• in the poignant conclusion, 30 years into the future, the uncompromising white-haired Gertrud (exiled in Paris and single), who believed in absolute and idealistic love, had lived out her life mostly in solitude and seclusion in the country: ("Yes, I live here like a hermit, forgotten, erased. I like it that way. I need solitude - solitude and freedom"); she reflected on her life with her old, polite and gallant psychologist friend Axel Nygren (Axel Strøbye); he asked for all his old letters back and burned them in the fireplace; she read outloud a poem she had written when she was 16: "'Just look at me. Am I beautiful? No, but I have loved. Just look at me. Am I young? No, but I have loved. Just look at me. Do I live? No, but I have loved.' Sixteen-year-old Gertrud - my gospel according to love"; Axel reminded her of what she had said: "There's nothing else in life but love. Nothing. Nothing else. Do you still stand by those words? Do you regret them?" - she replied: "No, I don't regret them. I stand by what I said. There's nothing else in life, but youth and love, unending tenderness and quiet happiness, Axel"
  • in the final moments of the film, she admitted she had already bought her "resting place" gravesite under a mulberry tree; she described the two words that she had ordered for her headstone: ("...just two words, amor omnia...Love is all"); as they rose, she added: "The gardener has been told that only grass shall grow on my grave and in springtime I shall have anemones. You'll come by one day, pick an anemone and think of me. Take it as a word of love that was thought, but never spoken. Now you'd better go, otherwise we'll end up by running off to Paris. One day your visit will be only a memory as all the other memories I cherish. Sometimes I bring forth the memories and lose myself in them. I feel as if I am gazing at a fire about to be extinguished. Thank you, Axel. Thanks for visiting. Thank you for your book"; they shook hands as he replied: "Goodbye, Gertrud" - twice, they waved to each other from a distance; once she closed her door, the camera remained focused on the outside of her door before a fade to black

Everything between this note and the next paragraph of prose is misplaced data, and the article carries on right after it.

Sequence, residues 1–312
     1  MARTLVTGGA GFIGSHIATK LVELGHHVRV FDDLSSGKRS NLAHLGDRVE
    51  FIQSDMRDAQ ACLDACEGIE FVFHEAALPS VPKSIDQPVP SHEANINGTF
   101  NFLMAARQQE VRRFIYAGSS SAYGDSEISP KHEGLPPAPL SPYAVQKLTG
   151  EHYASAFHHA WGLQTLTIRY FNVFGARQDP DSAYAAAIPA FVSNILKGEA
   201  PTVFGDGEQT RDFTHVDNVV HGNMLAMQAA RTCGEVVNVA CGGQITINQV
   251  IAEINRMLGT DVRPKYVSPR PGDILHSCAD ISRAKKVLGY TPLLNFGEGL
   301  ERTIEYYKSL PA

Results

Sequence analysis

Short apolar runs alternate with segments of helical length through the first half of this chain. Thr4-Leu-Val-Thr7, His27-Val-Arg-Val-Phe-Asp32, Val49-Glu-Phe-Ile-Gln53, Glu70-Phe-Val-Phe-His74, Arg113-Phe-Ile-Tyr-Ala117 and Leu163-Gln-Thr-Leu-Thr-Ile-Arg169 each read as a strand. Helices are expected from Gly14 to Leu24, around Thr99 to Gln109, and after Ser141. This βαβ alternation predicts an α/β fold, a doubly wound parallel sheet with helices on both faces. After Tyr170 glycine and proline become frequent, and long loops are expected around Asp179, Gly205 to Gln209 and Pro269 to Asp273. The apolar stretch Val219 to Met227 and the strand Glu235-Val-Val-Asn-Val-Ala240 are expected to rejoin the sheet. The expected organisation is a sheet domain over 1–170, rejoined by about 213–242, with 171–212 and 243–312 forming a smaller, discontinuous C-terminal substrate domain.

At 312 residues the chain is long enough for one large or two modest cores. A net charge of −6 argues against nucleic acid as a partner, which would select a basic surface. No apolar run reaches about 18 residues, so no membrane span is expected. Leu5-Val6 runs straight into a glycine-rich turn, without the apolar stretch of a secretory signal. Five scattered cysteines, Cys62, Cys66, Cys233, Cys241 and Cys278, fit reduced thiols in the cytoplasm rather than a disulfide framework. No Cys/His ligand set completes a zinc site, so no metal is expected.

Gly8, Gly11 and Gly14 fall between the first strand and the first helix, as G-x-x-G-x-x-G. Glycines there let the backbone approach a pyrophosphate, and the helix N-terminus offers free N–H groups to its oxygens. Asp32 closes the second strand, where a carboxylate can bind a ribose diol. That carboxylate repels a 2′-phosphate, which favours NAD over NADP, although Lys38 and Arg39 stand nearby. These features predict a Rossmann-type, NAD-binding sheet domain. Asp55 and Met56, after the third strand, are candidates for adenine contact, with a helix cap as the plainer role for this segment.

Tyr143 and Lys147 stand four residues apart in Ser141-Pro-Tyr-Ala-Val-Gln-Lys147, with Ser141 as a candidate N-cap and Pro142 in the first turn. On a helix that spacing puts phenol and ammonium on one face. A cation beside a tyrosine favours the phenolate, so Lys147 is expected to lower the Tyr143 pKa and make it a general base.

Ghost (1990)

In Jerry Zucker's romantic, supernatural chick-flick:

  • the sexual but non-nude pottery wheel scene between New York investment banker Sam Wheat (Patrick Swayze) and sculptor/artist girlfriend Molly Jensen (Demi Moore) sensuously molding clay together to the tune of the Righteous Brothers' Unchained Melody before making love in the darkened apartment
  • the oft-repeated response "Ditto" when Molly told him: "I really love you"
  • the scene of senseless violence in which Sam was mortally wounded and died in Molly's arms
  • the scene of Sam's funeral
  • another pottery wheel scene in which spirit-ghost Sam tried to reveal himself behind the grieving Molly as she sculpted clay